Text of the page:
Microorganisms make up an estimated 60% of Earth’s living matter and play an integral role in supporting life on our planet. Microbes are responsible for the recycling of organic matter, synthesis of nutrients within the food chain, and digestion of many foods within our intestinal tract. In the biotechnology field, microorganisms are used for the synthesis of chemicals, drugs, and vaccines that help maintain our health. Conversely, some microorganisms present a challenge to human, animal and plant health through the development of infectious diseases, chronic inflammation conditions and even cancer.
Host immunity is a powerful tool to keep these microorganisms and their associated diseases in check. However, as with microorganisms, immunity can be a two-edged sword. Inappropriate or persistent activation of the immune system can lead to autoimmune diseases such as arthritis, diabetes, allergy and asthma. Chronic inflammation has been linked to many cancers, and can have devastating effects on health.
Professors and students within the Department of Microbiology & Immunology strive to understand how microorganisms interact with their hosts and the environment and how host immunity responds to microbial and other threats. Our work spans from studies probing the mechanisms of viral, bacterial, parasite and fungal diseases to those that seek to expand our understanding of host defence against infection and the mechanisms underlying the development of inflammatory and autoimmune diseases.
This is an exciting time to work in microbiology and immunology at McGill! In 2018, we launched MI4 - the McGill Interdisciplinary Initiative in Infection and Immunity . MI4 brings together over 250 researchers, clinicians and clinician-scientists from across the McGill academic network to tackle infectious and immune threats to human health. Supported by a 15 million-dollar donation from the Doggone Foundation, MI4 supports innovative discovery research, cutting-edge scientific platforms and ambitious interdisciplinary translational research projects that deliver solutions to the populations that need them the most.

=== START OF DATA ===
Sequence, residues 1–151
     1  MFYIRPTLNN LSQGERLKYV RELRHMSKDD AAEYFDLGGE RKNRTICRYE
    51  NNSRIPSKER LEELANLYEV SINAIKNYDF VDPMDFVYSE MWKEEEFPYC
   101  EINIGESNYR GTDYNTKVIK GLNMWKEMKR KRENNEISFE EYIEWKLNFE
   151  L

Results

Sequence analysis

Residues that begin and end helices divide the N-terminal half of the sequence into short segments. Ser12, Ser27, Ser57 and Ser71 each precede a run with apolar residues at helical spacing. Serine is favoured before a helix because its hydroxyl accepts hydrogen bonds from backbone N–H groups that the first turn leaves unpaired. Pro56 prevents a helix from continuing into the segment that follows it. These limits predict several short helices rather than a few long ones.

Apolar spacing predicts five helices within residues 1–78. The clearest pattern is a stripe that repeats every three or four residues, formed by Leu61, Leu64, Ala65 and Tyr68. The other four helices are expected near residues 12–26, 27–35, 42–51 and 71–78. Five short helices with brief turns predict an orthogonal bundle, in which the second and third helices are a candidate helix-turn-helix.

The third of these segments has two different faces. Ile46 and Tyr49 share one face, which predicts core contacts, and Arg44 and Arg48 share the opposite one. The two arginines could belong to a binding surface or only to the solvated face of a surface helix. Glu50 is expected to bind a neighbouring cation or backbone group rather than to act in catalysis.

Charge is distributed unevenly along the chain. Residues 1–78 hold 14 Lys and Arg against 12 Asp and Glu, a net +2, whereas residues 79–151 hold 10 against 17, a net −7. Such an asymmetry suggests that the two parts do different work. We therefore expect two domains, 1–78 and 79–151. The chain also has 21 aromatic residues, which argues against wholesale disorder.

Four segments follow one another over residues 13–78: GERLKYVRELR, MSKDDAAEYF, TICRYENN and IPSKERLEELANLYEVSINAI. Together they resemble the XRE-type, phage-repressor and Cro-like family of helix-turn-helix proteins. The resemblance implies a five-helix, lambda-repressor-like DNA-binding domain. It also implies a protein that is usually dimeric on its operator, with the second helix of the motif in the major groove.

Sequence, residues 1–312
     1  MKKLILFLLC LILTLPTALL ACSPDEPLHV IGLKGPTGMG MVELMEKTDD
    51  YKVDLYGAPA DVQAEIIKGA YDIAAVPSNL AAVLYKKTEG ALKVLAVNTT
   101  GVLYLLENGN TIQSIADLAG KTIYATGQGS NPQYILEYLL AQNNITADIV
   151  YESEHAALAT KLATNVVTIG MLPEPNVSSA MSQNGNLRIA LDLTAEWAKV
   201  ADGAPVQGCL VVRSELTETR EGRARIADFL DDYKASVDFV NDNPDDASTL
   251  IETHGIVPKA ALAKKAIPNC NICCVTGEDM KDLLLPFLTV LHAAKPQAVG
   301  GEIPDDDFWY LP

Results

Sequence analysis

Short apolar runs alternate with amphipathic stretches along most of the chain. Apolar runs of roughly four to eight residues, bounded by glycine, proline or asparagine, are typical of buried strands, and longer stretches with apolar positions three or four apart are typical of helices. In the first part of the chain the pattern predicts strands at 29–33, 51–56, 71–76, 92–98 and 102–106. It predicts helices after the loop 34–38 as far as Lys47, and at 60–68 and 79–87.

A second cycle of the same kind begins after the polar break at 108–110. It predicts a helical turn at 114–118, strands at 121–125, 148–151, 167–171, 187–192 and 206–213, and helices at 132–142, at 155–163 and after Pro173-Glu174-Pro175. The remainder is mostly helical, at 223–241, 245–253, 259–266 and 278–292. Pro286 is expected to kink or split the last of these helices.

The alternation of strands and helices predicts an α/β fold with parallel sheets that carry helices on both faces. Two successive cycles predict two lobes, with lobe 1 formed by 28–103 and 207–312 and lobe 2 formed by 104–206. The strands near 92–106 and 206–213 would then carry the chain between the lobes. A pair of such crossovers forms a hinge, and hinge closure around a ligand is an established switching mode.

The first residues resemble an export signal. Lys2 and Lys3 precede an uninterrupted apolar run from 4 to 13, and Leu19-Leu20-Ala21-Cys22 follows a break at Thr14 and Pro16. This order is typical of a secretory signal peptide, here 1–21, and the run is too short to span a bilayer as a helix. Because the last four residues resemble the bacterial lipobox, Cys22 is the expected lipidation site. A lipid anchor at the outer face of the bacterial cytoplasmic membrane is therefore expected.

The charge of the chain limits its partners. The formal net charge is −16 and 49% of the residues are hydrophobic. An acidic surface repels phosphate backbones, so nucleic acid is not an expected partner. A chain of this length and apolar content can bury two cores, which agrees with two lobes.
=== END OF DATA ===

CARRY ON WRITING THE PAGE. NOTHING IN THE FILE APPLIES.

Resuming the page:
Teaching is fundamental to our mission as a Department. Our diverse and energetic faculty and staff provide a rich and exciting environment for our undergraduate, graduate and post-doctoral trainees. Our undergraduate curriculum has recently undergone renewal, and I am pleased to announce the creation of an Associate Chair (Education) position to build on this momentum and ensure the continued development and evolution of our teaching programs. Please join me in congratulating Dr. Samantha Gruenheid in her new role in this position.
Spend some time looking through our website, or even better, stop by and talk with us about the exciting research and teaching initiatives going on in our Department!Dr. Don Sheppard
Chair, Department of Microbiology & Immunology
There has never been a more exciting time to be a student (or a professor!) of Microbiology and Immunology. Cancer immunotherapy, antibiotic resistance, and genome editing with CRISPR-Cas are just some examples of current hopes, threats and controversies intrinsically linked with our field. In addition, the environment to support teaching and learning at McGill has never been better. I am therefore enthusiastic about the opportunity to contribute to the continuous development and renewal of our department’s undergraduate and graduate education programs. By engaging and enabling our students to develop cutting-edge knowledge, expertise, critical thinking and communication skills, we aim to give students all the tools and skills to engage with the challenges and opportunities that await them after graduation.Dr. Samantha Gruenheid
Associate Chair (Education), Department of Microbiology & Immunology